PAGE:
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“Lead me to the rock that is higher than I.” —Psalm 61:2
By Pastor Rick Mensing (adapted from an article by James Dennison, August 21, 2019)
Labor Day was established to honor American laborers and to provide them with a day of rest. It would seem that laborers are not the only ones who need some rest.
Daniel Markovits is a professor at Yale Law School with previous study at the London School of Economics, Oxford, Harvard, and Yale Law School. In The Atlantic, he pulls back the curtain on one of America’s most destructive myths: the harder you work, the happier you’ll be.
Wealthy students demonstrate higher rates of drug and alcohol abuse than poor students do. They suffer depression and anxiety at rates as much as triple those of their age peers. In a recent study of Silicon Valley High School students, 54 percent displayed moderate to severe symptoms of depression and 80 percent displayed moderate to severe symptoms of anxiety.
Their parents are suffering as well. In 1962, the American Bar Association declared that there are “approximately 1,300 fee-earning hours per year” available to the typical lawyer. By 2000, the number had risen to 2,400 billable hours. According to Markovits, billing 2,400 hours could require working from 8 a.m. until 8 p.m. six days a week, every day of the year, without vacation or sick days.
It is unsurprising that roughly two thirds of elite workers say they would decline a promotion if the new job demanded yet more of their energy. Most Americans who work more than sixty hours a week report that they would prefer twenty-five fewer hours. They complain about the “time famine” resulting from overwork that interferes with their marriages, families, and health.
Markovits concludes: “It is simply not possible to get rich off your own human capital without exploiting yourself and impoverishing your inner life, and meritocrats who hope to have their cake and eat it too deceive themselves.”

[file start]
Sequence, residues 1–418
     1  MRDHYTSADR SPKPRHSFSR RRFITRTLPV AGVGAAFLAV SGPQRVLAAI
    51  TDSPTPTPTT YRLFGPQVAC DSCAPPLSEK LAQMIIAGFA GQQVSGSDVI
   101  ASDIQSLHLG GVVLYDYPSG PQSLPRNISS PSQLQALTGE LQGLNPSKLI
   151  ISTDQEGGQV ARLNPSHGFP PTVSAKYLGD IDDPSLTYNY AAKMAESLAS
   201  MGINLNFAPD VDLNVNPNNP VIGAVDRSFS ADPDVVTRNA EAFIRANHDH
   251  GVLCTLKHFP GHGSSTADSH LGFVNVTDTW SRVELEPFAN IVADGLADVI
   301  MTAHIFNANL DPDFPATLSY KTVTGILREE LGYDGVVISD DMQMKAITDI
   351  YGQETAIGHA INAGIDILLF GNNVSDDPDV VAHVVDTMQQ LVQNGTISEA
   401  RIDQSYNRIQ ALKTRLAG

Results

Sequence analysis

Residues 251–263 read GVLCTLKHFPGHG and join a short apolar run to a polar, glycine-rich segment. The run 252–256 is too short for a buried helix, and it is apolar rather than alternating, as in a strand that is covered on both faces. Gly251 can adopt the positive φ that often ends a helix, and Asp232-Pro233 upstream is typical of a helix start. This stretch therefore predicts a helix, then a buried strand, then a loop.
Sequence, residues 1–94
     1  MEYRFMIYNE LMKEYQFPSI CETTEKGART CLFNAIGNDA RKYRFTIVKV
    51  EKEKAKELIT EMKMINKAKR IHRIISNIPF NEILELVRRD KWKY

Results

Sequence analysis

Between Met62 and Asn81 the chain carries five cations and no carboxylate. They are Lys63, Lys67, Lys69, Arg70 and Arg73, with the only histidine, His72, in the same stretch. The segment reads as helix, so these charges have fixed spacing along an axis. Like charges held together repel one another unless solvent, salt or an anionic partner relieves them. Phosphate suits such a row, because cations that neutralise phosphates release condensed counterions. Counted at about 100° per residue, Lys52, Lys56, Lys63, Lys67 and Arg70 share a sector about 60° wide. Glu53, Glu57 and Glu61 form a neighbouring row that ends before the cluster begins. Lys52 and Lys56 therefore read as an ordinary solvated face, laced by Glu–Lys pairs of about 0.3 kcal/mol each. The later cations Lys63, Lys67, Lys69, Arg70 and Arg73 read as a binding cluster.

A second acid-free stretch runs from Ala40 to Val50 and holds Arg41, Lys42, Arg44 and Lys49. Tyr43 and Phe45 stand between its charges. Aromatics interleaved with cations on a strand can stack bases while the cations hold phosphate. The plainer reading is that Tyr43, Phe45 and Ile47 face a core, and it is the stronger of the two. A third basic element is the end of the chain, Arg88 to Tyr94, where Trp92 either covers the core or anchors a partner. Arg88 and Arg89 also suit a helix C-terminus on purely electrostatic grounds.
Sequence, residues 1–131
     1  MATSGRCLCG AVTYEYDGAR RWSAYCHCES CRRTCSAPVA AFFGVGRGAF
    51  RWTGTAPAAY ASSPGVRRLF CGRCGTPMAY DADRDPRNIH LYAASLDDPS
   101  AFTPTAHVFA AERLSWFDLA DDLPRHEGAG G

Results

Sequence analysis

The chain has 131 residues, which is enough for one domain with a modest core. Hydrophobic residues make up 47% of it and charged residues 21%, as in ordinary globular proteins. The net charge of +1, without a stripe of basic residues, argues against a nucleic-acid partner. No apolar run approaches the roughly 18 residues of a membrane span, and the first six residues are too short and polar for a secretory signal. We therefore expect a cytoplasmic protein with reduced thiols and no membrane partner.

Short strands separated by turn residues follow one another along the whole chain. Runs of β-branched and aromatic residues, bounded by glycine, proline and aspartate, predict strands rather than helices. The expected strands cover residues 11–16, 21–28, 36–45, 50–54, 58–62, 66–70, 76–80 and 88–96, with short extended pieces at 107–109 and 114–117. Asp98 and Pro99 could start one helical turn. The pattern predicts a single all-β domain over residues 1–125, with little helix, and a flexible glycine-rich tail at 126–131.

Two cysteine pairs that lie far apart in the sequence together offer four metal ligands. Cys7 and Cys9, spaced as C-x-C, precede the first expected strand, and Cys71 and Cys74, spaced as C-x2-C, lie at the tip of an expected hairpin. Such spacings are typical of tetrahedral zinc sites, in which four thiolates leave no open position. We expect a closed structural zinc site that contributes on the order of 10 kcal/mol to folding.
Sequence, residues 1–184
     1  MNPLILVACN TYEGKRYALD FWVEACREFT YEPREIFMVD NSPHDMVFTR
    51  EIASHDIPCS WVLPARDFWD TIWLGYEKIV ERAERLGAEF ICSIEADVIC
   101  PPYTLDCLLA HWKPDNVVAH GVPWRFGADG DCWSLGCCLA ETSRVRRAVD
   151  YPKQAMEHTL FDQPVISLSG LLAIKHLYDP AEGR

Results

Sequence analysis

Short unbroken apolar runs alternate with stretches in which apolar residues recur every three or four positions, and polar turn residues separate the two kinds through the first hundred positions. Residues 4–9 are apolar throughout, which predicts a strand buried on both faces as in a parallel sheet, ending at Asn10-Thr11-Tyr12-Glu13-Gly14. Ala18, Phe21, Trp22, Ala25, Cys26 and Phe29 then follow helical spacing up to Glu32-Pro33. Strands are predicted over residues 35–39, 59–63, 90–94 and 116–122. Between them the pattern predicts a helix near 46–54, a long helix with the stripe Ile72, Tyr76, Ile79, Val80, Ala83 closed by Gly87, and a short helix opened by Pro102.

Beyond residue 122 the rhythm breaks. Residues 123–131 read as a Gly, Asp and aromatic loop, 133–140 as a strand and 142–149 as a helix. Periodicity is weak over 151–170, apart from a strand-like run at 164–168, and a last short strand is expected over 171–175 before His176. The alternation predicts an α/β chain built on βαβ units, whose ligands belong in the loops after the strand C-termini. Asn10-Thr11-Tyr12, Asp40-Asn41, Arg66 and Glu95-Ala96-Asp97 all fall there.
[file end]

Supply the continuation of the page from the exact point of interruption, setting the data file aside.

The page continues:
Markovits’ fascinating essay however, leaves out a component that is foundational to the kind of flourishing he wants for all Americans.
Consider a book written from the other end of the spectrum. Hillbilly Elegy is J. D. Vance’s story of his family’s roots in Kentucky and Ohio. In many ways, it makes Markovits’ case: many in rural, impoverished America see no future for themselves and have given up hope.
With one exception. Vance reconnected with his biological father after years of family chaos and a “revolving door of father figures.” The reason: his father had become a Christian. Vance notes: “In this, Dad embodied a phenomenon social scientists have observed for decades: Religious folks are much happier. Regular church attendees commit fewer crimes, are in better health, live longer, make more money, drop out of high school less frequently, and finish college more frequently than those who don’t attend church at all.”
“Lead me to the rock that is higher than I.”
Could it be that an obsession with material success “devours the elite” not just because of the time demands it makes and stress it produces but also because it is the wrong answer to life’s most fundamental question? Is it possible that creatures need a relationship with our Creator? Jesus was clear: “I am the vine; you are the branches. Whoever abides in me and I in him, he it is that bears much fruit, for apart from me you can do nothing” (John 15:5). It is they who “wait for the Lord” who “shall renew their strength” and “mount up with wings like eagles” (Isaiah 40:31).
Would Jesus say you are abiding in Him? Would the Lord agree that you are waiting on Him?
Paul described the source of his ministry: “For this I toil, struggling with all his energy that he powerfully works within me” (Colossians 1:29). When we depend on ourselves more than we submit to and rely upon Him, we miss all that Almighty God can do in and through us.
David’s prayer is essential for us all: “Lead me to the rock that is higher than I” (Psalm 61:2). We find our rest that truly satisfies in our Lord and in His presence!

God bless you always, Pastor Rick Mensing